Stage Review – PYGMALION

It is a 100 years since Pygmalion had its opening night, and you do not need a text book to wise up to what Bernard Shaw’s ambitions for the play was, and to acknowledge the moral message about matters of social inequality that it conveys.

Pygmalion Rachel Barry (Eliza Doolittle) -®Manuel Harlan
Pygmalion Rachel Barry (Eliza Doolittle) -®Manuel Harlan

As a playwright of independent mind, Shaw would support ‘The pen is mightier than the sword’ principle in one hand, but this tale of a brash and common East End girl, Eliza Doolittle (Rachel Barry) being taught to pronounce phonetics by a specialist as part of a social experiment in order to better her social status, demonstrates too, Shaw’s belief in the ridding of accents in order to override prejudices. People did back then, and still do, base their opinions of others, when it comes to matters of social circumstance (one’s birth place and income for example) largely on the way someone speaks.

 Pygmalion Jane Lambert (Mrs Eynsford-Hill) Alistair McGowan (Higgins) Anna O'Grady (Clara Eynsford-Hill -®Manuel Harlan

Pygmalion Jane Lambert (Mrs Eynsford-Hill) Alistair McGowan (Higgins) Anna O’Grady (Clara Eynsford-Hill -®Manuel Harlan

If you like the comedy work of Alistair McGowan and find his send ups of public figures have you howling with laughter, then you would not be wrong to think his skills would crossover nicely to fit the role of the Professor of Phonetics, Henry Higgins. It is true, McGowan has some well-aimed fun with the role of a character who is dispassionate, but his performance lacks passion and believability nonetheless.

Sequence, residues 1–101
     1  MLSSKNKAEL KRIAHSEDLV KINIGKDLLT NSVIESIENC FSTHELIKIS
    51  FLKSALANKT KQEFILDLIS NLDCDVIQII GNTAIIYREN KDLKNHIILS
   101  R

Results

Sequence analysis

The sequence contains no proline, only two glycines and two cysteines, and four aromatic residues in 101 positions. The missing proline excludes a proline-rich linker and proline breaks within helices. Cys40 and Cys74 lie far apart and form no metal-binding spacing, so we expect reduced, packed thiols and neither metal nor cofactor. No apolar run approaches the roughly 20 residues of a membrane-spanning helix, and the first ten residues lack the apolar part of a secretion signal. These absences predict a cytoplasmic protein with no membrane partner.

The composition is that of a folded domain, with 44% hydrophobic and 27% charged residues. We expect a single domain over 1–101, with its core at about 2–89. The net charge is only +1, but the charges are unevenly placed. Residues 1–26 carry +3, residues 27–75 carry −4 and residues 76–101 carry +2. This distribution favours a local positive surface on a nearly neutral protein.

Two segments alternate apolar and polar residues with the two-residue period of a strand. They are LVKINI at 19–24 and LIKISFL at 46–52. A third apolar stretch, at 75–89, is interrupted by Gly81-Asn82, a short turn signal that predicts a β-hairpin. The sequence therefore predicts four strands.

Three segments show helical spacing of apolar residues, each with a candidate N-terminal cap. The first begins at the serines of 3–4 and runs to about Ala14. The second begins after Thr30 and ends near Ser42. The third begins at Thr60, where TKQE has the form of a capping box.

Pygmalion Rula Lenska as Mrs Higgins -®Manuel Harlan

Pygmalion Rula Lenska as Mrs Higgins -®Manuel Harlan

Eliza’s wailing and the booming voice of her father, Alfred (Jamie Foreman) provides the much needed contrast in tempo, as many scenes are slow paced and labour on for too long. Unfortunately, despite Rula Lenska, as Henry’s mother, having great stage presence – with her graceful movements and the strong, deep richness of that voice of hers; the performances, overall, lose any momentum they had at the beginning and have run out of steam by the end.

I would like to add however, that the moveable set is a marvel. The room settings are extremely atmospheric because of the furnishings and the lighting tricks deployed. The costumes are wonderful and fun at the same time; McGowan usually looks so smart on the TV but I think it was intentional that his character looks a little disheveled!

Reviewer, Debra Hall attended the press night showing of Pygmalion on Monday 12 May 2014 on behalf of tssreviews

Pygmalion is in Coventry until 17 May 2014

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